Six months after a rocket exploded in June, SpaceX is on the verge of taking to the sky again—with a souped up Falcon 9 booster more powerful than anything the commercial spaceflight company has ever launched.
On Sunday, SpaceX is tentatively scheduled to launch a new Falcon 9 rocket from Cape Canaveral Air Force Station. The rocket will ferry 11 OG2 satellites into orbit for telecommunications company Orbcomm Inc. Whether the launch proceeds as scheduled is unclear at this point, as SpaceX has not yet completed the pre-launch static engine test fire expected to occur Thursday. The static fire involves briefly blasting the rocket’s nine first stage Merlin engines while bolted to the ground at Space Launch Complex 40.
SpaceX has already made several failed attempts to land Falcon 9 boosters on ocean barges this year, as part of the company’s long-term goal of creating a reusable rocket system that would significantly reduce the cost of launching payloads into orbit.
The rocket company has been unusually tight-lipped about the details of the upcoming launch—including whether it’ll be attempting to land the upgraded Falcon 9 booster after ferrying its payload into orbit.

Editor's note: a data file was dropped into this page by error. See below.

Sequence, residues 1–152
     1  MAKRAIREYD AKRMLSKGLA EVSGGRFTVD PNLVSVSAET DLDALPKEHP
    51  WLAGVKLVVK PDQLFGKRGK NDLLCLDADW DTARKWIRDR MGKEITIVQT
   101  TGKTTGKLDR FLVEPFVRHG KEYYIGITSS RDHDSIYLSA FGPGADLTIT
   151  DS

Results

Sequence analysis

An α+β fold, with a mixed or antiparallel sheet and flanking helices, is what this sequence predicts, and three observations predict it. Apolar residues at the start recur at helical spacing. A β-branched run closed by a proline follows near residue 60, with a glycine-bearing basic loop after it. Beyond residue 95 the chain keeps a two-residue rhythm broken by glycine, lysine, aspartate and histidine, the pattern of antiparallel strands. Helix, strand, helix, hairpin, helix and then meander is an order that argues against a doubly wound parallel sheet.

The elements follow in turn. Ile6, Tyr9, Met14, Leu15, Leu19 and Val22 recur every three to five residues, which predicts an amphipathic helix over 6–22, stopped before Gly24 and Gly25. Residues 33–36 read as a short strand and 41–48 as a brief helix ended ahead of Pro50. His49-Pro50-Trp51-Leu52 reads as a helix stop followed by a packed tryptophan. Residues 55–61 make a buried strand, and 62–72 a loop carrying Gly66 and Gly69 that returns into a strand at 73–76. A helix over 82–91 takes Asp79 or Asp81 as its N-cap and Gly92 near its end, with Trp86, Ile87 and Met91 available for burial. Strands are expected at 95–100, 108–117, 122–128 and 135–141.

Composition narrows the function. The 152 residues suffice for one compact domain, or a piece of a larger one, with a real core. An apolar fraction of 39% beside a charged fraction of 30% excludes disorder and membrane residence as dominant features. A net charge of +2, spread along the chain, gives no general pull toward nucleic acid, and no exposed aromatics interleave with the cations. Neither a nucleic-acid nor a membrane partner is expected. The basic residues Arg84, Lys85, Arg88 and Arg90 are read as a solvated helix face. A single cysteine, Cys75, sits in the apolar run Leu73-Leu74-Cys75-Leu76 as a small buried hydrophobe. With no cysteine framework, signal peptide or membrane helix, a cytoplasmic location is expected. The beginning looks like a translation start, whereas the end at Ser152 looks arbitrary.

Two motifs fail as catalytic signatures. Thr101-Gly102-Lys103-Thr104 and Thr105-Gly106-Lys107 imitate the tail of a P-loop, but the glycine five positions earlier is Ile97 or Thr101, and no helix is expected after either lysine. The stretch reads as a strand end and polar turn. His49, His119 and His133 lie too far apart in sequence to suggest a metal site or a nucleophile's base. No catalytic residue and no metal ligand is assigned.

In November, Blue Origin stole a little of SpaceX’s reusable rocket thunder, by sending a New Shepherd rocket to the edge of space and successfully landing it back on solid turf—a first in the history of spaceflight.
Image Credit: SpaceX / Flickr
Earlier this month, a NASA spokesperson remarked that SpaceX would try to send its next booster into space and land it back at Cape Canaveral, but SpaceX has not confirmed this statement.
SpaceX has made several upgrades to the Falcon 9 since June, when a weak strut holding a helium tank in place snapped, setting off a chain reaction that caused the entire rocket to explode.
The rocket’s first stage, or booster, now stands 230 feet (70 metres) tall—five feet taller than before. The additional length gives the rocket more room to carry fuel, the result being that the Falcon 9 can now generate up to 771,000 kg of thrust. As Business Insider notes, it's essentially added another engine’s worth of power (the rocket runs on 9 Merlin engines).
While retrieving a Falcon 9 rocket after a satellite launch wouldn’t have been feasible in the past—commercial satellites are sent into higher orbits than the ISS—the new booster carries enough fuel for a return flight, according to Business Insider.
Florida Today reports that the rocket currently sitting at Launch Complex 40 also includes a new “deep cryo” liquid oxygen system. Liquid oxygen propellant is now chilled to -207ºC, compared with -183ºC before. The hope is that cooling the rocket fuel to near-freezing temperatures will increase the system’s overall performance. But according to SpaceX CEO Elon Musk, the deep cryo system is “presenting some challenges.” A static test fire of the engine was expected to occur yesterday, but as of this morning, the rocket was still vertical and waiting to fire.
If the static test fire doesn’t happen today, it’s unlikely that the launch will proceed as planned this weekend. We’ll be watching SpaceX’s progress closely and keeping you updated.
Top: SpaceX’s new and improved Falcon 9 rocket, via SpaceX/Flickr